Cinnamon Vs Unity
All my systems at home are running Ubuntu 12.04 LTS with the standard Unity interface. Linux Mint 13 was recently released along with the Cinnamon interface. I’ve been hearing a lot of good things about Cinnamon but I haven’t tried it since it was in Beta. So I thought I would put it on my laptop and take it for a test drive. This article will explain my findings and what I personally think of how Cinnamon compares to Unity. So let’s get started…
The laptop I have tested both environments on is my workhorse, a HP Pavillion dm1 11.6″ with 6GB RAM, 128GB SSD, AMD E-450 1.6GHz Dual Core CPU and Radeon HD 6320 for graphics. So although it’s not a powerhouse, it is reasonably powerful and should be a good gauge between the two environments.
Unity is very much my go to User Interface (UI), its quick, easy to use and perfect for both new and advanced users alike. New users can use the Unity Dash to search for anything they need quickly and easily and more advanced users have the ability to use keyboard shortcuts so that we don’t have to take our hands away from the keyboard when working.
I personally find the keyboard shortcuts in Unity extremely useful (hold down the super key to see them all). So much so that when I use my Windows 7 work laptop, I find myself trying to do things like pressing CTRL, ALT + L to lock the screen and Super (windows) key + numbers in order to launch applications. I also really miss the HUD when I’m in Windows.
Overall, Unity runs really well on my Laptop. At times it can slow down when I’m really multi-tasking and hitting the machine hard, but it’s never noticeably or frustratingly slow. With programs like Nautilus, Chromium, LibreOffice opening relatively quickly. If you want to read a full review of Ubuntu 12.04 and all the features included, take a look here.
So I’ve flipped over to Cinnamon. When I installed Cinnamon around a week ago, the default look wasn’t really how I liked it, so I flipped the panel up to the top of the screen and also installed the Cinnamon Ambience theme so it all looked right with Ubuntu. As before, it’s running on my HP Pavilion dm1 laptop.
The first thing I usually do when I boot my computer up is to open Chromium, I am a really heavy internet user and use a lot of Google products like Google Apps, Calendar and Plus on a regular basis. On clicking on the menu button, I notice a really long lag of between 3 and sometimes as much as 8 seconds! this doesn’t sound like a lot, but let’s say I go into this menu 100 times in a day (which is perfectly reasonable) – that can mean as much as 13 minutes wasted in one day whilst I wait for the Cinnamon menu to open.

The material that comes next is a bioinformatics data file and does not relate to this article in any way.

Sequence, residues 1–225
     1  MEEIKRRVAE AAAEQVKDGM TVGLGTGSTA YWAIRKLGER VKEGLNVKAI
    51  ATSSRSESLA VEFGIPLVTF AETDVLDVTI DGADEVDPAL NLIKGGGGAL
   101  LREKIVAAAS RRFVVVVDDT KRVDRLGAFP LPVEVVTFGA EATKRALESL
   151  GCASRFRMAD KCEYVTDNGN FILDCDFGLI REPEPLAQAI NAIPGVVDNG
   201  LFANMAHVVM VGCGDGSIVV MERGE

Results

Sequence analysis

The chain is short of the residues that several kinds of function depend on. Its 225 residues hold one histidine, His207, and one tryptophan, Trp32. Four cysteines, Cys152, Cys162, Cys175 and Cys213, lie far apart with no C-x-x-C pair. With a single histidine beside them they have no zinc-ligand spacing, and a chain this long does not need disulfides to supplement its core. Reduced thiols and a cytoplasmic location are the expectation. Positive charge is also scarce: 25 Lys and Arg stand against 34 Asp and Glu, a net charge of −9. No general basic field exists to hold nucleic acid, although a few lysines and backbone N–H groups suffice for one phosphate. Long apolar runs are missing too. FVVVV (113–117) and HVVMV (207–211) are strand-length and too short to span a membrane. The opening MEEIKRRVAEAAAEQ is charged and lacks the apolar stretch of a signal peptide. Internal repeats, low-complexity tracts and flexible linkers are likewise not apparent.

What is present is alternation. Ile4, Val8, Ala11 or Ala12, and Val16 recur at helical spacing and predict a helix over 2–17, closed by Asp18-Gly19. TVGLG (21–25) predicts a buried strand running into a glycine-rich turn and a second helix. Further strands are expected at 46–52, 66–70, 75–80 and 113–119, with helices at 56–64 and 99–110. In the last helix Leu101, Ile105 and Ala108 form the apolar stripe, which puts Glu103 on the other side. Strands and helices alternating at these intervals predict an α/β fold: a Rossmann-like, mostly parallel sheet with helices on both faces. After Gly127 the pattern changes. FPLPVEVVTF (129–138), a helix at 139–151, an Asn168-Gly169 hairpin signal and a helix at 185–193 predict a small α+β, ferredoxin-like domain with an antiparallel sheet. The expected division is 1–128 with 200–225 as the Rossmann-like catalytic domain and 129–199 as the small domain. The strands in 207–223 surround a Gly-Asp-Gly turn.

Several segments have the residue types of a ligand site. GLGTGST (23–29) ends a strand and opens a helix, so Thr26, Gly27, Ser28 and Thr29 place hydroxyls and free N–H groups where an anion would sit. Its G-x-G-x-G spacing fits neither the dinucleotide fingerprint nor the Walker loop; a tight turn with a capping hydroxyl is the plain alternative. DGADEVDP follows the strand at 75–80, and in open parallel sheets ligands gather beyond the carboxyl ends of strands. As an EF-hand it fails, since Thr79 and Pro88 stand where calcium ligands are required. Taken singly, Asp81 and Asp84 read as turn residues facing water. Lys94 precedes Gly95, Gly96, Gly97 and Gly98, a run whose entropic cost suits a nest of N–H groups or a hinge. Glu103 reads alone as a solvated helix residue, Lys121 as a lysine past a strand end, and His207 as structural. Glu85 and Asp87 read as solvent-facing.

Once the Cinnamon menu is open, the experience doesn’t get any better unfortunately. Typing in the search bar and the results it provides are also really laggy, this really frustrates me as it wastes a lot of my time.
Unfortunately, this slow and laggy experience continues around the rest of my machine when using Cinnamon, opening up things like Nautilus and Chromium do seem to be a lot slower than in Unity. This may just be a placebo due to the experience of the Menu, but it feels real nonetheless.
Interestingly, looking at system monitor on both Cinnamon and Unity – whilst running Chromium (3 tabs), Nautilus and the System Monitor itself, Cinnamon was using 930MB RAM and around 60-70% of my CPU (both cores). Compare this with Unity, running the exact same applications, I saw more RAM, at around in use but only around 30-40% of my CPU (both cores). So it looks like my under par CPU is what may be causing the problems in Cinnamon. But is Unity can do it, there’s no reason why Cinnamon can’t.
When taking the screenshot below, Shutter took way over 1 minute to load and for some reason, all the screenshots I took had the window displayed below right in the middle of the screen (this was on both Shutter and using the Print Screen key). Presumable this is because of the lag explained above.
From what I have read online, I was expecting really good things from Cinnamon, so much so that I had it in the back of my mind that may well replace Unity with Cinnamon, but this isn’t the case unfortunately. I must stress – don’t let this negative experience of Cinnamon put you off, it may well be something to do with my machine and this is only my experience with Cinnamon. If you want to know if Cinnamon is right for you, then I suggest you install it yourself and try it out. For instructions on how to install Cinnamon in Ubuntu, take a look here.
If you want to know more about Cinnamon and it’s features, take a look at my Linux Mint 13 review.
If I’m honest, I couldn’t wait to get back over to Unity. Cinnamon felt bloated, laggy and was very frustrating to use. So on my laptop at least, Unity is going nowhere. I may try Cinnamon on my desktop, which is much more powerful and then post an update. So look out for that.
I’m interested to know what some of our readers thoughts on Unity & Cinnamon and what your experiences are – why not let us know in the comments section below.